Crowds welcome Earl and Countess of Forfar on inaugural visit
Residents turned out in force to meet Prince Edward and his wife Sophie on their trip to Scotland.
The new Earl of Forfar sampled the town's famous bridies as he made his first visit to the area since the ancient title was brought back into use.
Prince Edward and his wife Sophie - who will use the Earl and Countess of Forfar title during Scottish visits - tried the pastry products at McLaren's and Saddler's.
They also received gifts including a fiddle tune composed in their honour and a specially designed Earl of Forfar tartan on what Edward said was a "splendid" welcome to the town.
He received the ancient title in March as a 55th birthday present from his mother, the Queen, which brought it back into use after more than three centuries.
On the first leg of a two-day visit to Scotland, Forfar residents turned out in force to welcome their royal guests.
The couple, who were welcomed by Angus lord lieutenant Georgiana Osborne, were played music by Forfar Instrumental Band and the town's pipe band, and enjoyed a display by dancers from four highland dancing schools.
It concluded with the first performance of the An Angus Welcome to the Earl and Countess of Forfar, composed by well-known local fiddler Sandy Ingram, who played the tune with fellow musicians.
'I can't guarantee we will necessary visit Forfar or Angus every year but we will do our best to keep in touch and take an extra special interest in all the activities that go on here.'Prince Edward
The new earl promised to forge a special connection with the county town of 14,000 people, which sits a few miles east of Glamis Castle, the family seat of the Earls of Strathmore and childhood home of the late Queen Mother.
Edward and Sophie visited St John's Scottish Episcopal Church in Forfar, where she was confirmed, and viewed the register showing her name.
The earl said: "I can't guarantee we will necessary visit Forfar or Angus every year but we will do our best to keep in touch and take an extra special interest in all the activities that go on here."
The afternoon town walkabout began with visits to two Forfar bridie makers - McLaren's and Saddler's.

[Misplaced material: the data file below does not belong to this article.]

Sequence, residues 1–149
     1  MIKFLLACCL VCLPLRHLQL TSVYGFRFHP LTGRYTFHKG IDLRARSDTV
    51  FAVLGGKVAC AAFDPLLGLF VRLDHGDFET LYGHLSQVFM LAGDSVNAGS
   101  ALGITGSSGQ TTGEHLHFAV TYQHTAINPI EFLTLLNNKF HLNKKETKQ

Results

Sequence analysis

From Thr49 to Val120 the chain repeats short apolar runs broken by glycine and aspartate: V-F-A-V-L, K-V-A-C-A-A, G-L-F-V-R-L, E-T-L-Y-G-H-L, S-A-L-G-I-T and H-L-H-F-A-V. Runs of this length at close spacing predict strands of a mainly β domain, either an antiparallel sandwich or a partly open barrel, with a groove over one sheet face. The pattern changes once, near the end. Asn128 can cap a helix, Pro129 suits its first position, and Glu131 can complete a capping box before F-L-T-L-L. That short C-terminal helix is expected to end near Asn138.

At McLaren's, the Earl and Countess met the fifth, sixth and seventh generations of the firm, before moving on to the nearby premises of Saddler's.
Morna Saddler, of the firm, said: "They were absolutely fantastic visitors, asked about the origins of the bridie and were very happy to try it."
Among the local groups the Earl and Countess met were Forfar Dramatic Society members, young people from the Pitstop Youth Centre and participants in the Duke of Edinburgh award scheme.
They rounded off the schedule with visits to The Strathmore Rugby Club Community Trust to learn about pioneering work to encourage less able-bodied players and autistic youngsters into the game, and a tour of the Guide Dogs for the Blind Association training centre on the edge of the town.
Stuart Gray, chair of Strathmore Rugby Club Community Trust, said: "We are greatly honoured to have had Their Royal Highnesses see the work of the trust.
"This is well-deserved recognition for everyone involved in these projects benefitting the community of Angus."
The Earl of Forfar title was created in 1661 and first held by Scottish peer Archibald Douglas, the youngest child of the Earl of Angus and 1st Earl of Ormond.
The second Earl of Forfar, also Archibald Douglas, and the only son of the first earl, died on December 8, 1715 at the Battle of Sheriffmuir, aged 23, at which point the title became extinct.
Their two-day Scottish tour will continue in Moray on Tuesday and include a tour of the Glenfiddich whisky distillery.